Tehran hosts Assad to celebrate winning nuclear dispute with West and cooling of US-Israel ties

The Syrian president Bashar Assad was due to visit Tehran in a week’s time. The trip was brought forward to Saturday, Aug. 2 to coincide with the deadline the six powers gave Iran for an answer to its offer of benefits in return for its consent to suspend uranium enrichment – or face a fourth round of sanctions.
debkafile‘s Middle East sources report: Iranian and Syrian rulers are so pleased with their unforeseen success in outmaneuvering the West that they called an urgent summit for follow-up planning.
When a line of Iranian leaders rejected the ultimatum on their “right” to develop a nuclear program, Washington responded mildly “we are not counting the days”, while the European Union said there was no hurry. In any case, as debkafile reports in a separate article on this page, a huge German energy deal with Iran has drawn the sting of any prospective penalties.
The Syrian-Iranian get-together also follows the failure of top Israeli leaders traveling to Washington in the past three weeks to persuade the Bush administration of the urgency of considering military action against Iran’s nuclear installations – or at least backing an Israeli operation.
Transport minister Shaul Mofaz was the last arrival after chief of staff Lt. Gen. Gabi Ashkenazi, foreign minister Tzipi Livni and defense minister Ehud Barak.
Iran’s supreme ruler Ayatollah Ali Khamenei, president Mahmoud Ahminejad and Assad can therefore pat each others backs over the cooling of US-Israeli strategic relations in on top of their other successes.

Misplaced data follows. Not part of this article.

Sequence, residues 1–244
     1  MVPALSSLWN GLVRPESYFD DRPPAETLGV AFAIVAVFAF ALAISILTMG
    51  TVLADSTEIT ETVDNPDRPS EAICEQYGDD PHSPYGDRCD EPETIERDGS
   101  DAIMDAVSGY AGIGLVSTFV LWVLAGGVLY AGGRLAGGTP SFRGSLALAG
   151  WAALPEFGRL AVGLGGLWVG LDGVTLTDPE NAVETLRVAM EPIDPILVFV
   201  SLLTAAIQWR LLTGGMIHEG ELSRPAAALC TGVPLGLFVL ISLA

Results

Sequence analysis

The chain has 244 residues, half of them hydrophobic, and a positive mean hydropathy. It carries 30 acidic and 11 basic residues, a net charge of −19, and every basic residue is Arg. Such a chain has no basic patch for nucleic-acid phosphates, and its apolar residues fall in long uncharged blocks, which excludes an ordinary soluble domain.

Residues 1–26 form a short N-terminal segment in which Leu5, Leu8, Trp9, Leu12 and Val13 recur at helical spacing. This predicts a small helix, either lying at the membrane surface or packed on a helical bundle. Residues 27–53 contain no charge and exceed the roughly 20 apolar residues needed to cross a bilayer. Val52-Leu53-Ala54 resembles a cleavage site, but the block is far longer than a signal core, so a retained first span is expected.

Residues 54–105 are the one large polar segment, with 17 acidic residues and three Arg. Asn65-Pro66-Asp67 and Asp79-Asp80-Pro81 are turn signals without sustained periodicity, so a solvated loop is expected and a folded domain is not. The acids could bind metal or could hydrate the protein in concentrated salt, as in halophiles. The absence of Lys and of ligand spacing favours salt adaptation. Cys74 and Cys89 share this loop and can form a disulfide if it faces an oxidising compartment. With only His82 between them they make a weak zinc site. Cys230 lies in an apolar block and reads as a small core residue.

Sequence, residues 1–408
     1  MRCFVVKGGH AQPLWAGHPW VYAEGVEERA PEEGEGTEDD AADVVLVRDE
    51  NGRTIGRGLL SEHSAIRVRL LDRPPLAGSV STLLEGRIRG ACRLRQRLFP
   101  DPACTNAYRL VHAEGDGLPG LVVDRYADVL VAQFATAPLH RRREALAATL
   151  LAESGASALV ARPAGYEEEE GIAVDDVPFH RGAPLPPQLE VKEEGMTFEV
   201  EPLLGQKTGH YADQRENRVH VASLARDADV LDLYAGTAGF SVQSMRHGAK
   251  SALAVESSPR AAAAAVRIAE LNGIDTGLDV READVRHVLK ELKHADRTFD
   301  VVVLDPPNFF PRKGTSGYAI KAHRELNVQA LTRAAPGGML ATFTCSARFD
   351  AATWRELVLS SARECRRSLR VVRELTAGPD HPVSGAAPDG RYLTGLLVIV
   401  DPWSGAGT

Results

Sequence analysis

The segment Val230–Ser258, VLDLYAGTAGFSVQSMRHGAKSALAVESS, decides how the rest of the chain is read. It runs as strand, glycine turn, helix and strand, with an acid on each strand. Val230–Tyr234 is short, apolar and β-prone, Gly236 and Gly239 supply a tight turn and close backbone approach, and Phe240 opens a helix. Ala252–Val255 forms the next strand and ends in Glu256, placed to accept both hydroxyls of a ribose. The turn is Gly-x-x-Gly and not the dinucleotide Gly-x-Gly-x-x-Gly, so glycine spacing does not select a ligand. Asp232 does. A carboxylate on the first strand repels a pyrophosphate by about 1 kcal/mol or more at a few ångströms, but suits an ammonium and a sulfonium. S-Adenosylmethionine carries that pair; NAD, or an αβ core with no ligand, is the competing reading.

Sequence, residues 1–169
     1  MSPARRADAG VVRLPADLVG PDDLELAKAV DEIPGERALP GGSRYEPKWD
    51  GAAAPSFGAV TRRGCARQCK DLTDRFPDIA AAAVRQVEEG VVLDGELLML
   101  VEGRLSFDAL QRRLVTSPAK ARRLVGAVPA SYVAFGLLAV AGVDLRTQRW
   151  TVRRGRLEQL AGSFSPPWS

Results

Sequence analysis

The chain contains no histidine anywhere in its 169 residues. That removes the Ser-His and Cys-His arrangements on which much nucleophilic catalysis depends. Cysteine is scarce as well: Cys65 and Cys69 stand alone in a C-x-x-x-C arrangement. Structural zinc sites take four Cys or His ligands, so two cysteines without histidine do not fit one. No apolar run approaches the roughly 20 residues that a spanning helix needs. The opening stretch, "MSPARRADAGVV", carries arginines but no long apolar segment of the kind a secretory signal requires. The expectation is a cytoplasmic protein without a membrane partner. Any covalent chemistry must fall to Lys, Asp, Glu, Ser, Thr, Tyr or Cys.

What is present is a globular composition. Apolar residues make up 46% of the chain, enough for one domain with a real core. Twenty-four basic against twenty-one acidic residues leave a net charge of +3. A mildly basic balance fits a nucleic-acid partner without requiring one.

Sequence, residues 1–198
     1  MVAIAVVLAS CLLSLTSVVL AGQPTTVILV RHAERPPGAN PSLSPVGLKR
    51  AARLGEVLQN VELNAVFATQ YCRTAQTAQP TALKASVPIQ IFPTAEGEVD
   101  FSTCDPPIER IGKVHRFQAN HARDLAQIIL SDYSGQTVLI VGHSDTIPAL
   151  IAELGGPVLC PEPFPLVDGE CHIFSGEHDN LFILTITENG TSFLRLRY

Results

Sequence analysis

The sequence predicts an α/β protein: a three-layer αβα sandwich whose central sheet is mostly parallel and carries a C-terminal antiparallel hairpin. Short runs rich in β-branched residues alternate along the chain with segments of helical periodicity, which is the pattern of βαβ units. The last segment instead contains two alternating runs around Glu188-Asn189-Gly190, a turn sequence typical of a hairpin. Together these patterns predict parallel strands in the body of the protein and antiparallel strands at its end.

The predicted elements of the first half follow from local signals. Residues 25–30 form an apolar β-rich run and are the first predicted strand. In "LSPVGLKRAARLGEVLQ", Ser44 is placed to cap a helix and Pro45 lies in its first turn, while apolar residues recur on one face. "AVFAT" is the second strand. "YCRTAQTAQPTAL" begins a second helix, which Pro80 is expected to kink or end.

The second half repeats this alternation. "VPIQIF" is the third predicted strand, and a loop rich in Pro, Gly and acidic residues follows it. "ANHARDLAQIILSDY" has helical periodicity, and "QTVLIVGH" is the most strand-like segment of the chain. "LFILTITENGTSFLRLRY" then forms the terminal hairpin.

debkafile‘s analysts report that their feats owe more to the way the West plays into their hands than their own ingenuity:
1. In mid-June, the Bush administration decided to embark on a secret dialogue with the Islamic Republic. DEBKA-Net-Weekly was the first publication to expose this radical turn of events and to trace its progress. After procuring a direct line for business with US government leaders, and wrapping up deals, mostly behind Israel’s back, on the burning issues of oil pricing, Iraq and Lebanon, Iran nullified any leverage Washington had. Tehran can now afford to make light of the six-power ultimatum on its nuclear activities.
2. At about the same time, Israel entered into peace talks with Syria through Turkish mediation. The result: While Iran was developing its back-door rapprochement with the US, the Syrian ruler had hit the jackpot for buying back international legitimacy and a respected role in Middle East politics, without giving up his warm ties with Tehran or his sponsorship of terror.
Damascus can now afford to dump its diplomatic track with Israel as soon as Ehud Olmert steps down as prime minister in September.
The insistence of Olmert’s would-be successors – Livni and Mofaz from his own Kadima and Labor leader Barak – on continuing the talks with Syria, on condition that Assad pulls away from Tehran – not only mislead the public about their purpose, but feed the Damascus-Tehran alliance which is aimed against Israel.
3. French president Nicolas Sarkozy gave Assad a massive boost to the stability of his regime when he hosted him as the guest of honor at the last French Bastille Day parade. Sarkozy assured him then that he would act through the UN Security Council to abolish the international tribunal set up to prosecute the murderers of former Lebanese prime minister Rafiq Hariri in 2005. This let the chief suspects, Assad’s close kin and intelligence chiefs, off the hook.
4. A torrent of studies suddenly coming out of US think tanks in recent weeks shows how hard American research and intelligence circles are leaning on the administration to expand its dialogue with Tehran. Bush is being urged to call off sanctions against Iran’s nuclear program and withdraw US backing from Iran’s disaffected minorities’ revolt against the Islamic regime – all for the purpose of putting US-Iranian relations on a normal footing.

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